Although folklore is rift with tales of the undead, the modern zombies in cinema owe their genesis to Director George A. Romero, who crossed a zombie with a vampire to create a new kind of horrific, flesh-eating monster for the 1968 film Night of the Living Dead. The zombies in that film and many since were ghoulish creatures, often slow moving, mindless, decaying corpses that shamble toward their victims. Over time, the zombie rigor mortis has softened a bit, allowing evil creatures to move in more human ways, sometimes even greater than human. And then there are the zombies of Paramount Pictures’ World War Z, directed by Marc Forster.
“These are not slow, Night of the Living Dead zombies,” says Oscar winner Scott Farrar of Industrial Light & Magic, who joined the ongoing production in December 2012 as overall visual effects supervisor. World War Z’s zombies are lightning-quick creatures with absolutely no sense of self-preservation.
The opposite is true of the trouble-plagued production. The filmmakers rewrote and re-shot the entire third act. The cinematographer and visual effects supervisor changed midstream. Yet, the production crew managed to not only persevere, but also create what Hollywood Reporter reviewer Todd McCarthy calls “an immersive apocalyptic spectacle that tosses the viewer into the deep end of a global zombie uprising and doesn’t let up until close to the end.” Brad Pitt, who also produced the film, stars as the man who saves the day. Mireille Enos is his wife. Artists at Cinesite and The Moving Picture Company (MPC) created the zombies, with Halon handling previs and Prime Focus World, the 3D stereo conversion. Legacy Effects provided character design and makeup effects.
MPC ARTISTS moved swarms of climbing zombies using the studio’s Alice system and rigid-body dynamics.
Andy Jones, who won an Oscar for directing animation in Avatar, and received an Oscar nomination for supervising animation on I, Robot, had the unique role of overall animation consultant. “Paramount hired me,” he says. “I wasn’t at a facility. This happens all the time with visual effects supervisors, but I haven’t heard of it much for animation supervisors. The reason Marc [Forster] persuaded them to have me involved was so I could stay focused on the zombie performances. Any time a zombie was on set, I was there. I was like another choreographer, suggesting how we could tweak the performances digitally if we needed to, for example.”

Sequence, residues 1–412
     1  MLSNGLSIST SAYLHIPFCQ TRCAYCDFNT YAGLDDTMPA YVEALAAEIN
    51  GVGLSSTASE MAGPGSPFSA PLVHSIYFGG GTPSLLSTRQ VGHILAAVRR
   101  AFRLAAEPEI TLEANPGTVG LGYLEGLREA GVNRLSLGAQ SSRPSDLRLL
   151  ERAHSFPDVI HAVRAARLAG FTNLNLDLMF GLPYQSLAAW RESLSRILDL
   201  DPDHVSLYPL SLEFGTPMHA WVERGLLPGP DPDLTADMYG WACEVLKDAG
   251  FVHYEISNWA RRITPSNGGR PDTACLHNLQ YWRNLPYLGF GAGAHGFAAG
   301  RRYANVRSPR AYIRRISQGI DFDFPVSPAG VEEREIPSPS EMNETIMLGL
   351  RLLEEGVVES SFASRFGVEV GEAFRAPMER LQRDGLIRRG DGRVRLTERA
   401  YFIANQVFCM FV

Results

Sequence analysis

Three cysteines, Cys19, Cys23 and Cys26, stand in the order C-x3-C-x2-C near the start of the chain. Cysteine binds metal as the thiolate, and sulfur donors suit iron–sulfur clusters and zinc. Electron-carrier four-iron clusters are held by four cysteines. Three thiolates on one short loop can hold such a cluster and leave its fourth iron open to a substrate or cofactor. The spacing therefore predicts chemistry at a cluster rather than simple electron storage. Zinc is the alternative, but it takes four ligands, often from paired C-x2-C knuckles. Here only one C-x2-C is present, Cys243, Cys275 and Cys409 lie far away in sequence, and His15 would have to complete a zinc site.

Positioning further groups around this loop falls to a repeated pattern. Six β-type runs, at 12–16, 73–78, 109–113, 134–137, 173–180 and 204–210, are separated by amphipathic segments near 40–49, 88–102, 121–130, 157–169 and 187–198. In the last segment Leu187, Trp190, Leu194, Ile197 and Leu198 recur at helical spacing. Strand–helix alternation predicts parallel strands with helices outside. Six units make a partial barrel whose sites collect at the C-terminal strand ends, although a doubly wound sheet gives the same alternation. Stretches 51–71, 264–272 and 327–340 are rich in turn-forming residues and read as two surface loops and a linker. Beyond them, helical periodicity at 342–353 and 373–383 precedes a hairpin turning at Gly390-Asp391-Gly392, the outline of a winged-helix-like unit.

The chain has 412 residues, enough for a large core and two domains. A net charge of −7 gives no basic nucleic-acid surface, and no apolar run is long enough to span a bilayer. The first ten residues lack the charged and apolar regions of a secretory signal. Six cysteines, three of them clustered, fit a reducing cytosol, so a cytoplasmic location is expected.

Jones began working with Forster before pre-production to help design how the zombies – whether live action or digital – would behave. “We hired Alex Reyholds, a choreographer,” Jones says. “She specializes in contemporary dance and had a pool of movement artists and dancers who helped sculpt preferred actions. How the zombies moved. How they transition in eight or 10 seconds from a human that’s bitten into a zombie.”
ANIMATION SUPERVISOR Andy Jones, who worked with the production team, oversaw zombie performances whether created at Cinesite (at top) or MPC (at bottom).
London-based contemporary dancer Ryan Perkins provided much of the hero zombie performances. “He did amazing moves,” Jones says. “Marc loved it. So, I shot a bunch of tests with him and figured out different actions for different situations.”
The team also motion-captured Perkins and stunt performers to have a library of zombie actions. “We even figured out a bite attack,” Jones says. “It was like an attack dog trained to lunge, teeth first, and latch onto its prey. If a zombie’s body swung around and hit a tree, it didn’t matter. They had no sense of self-preservation. They don’t feel pain. If their prey is on the other side of an obstacle and the first zombie bashes into the obstacle, the next one will climb on that one until they have a pile of bodies that can get over the obstacle. Achieving that in CG was very difficult.”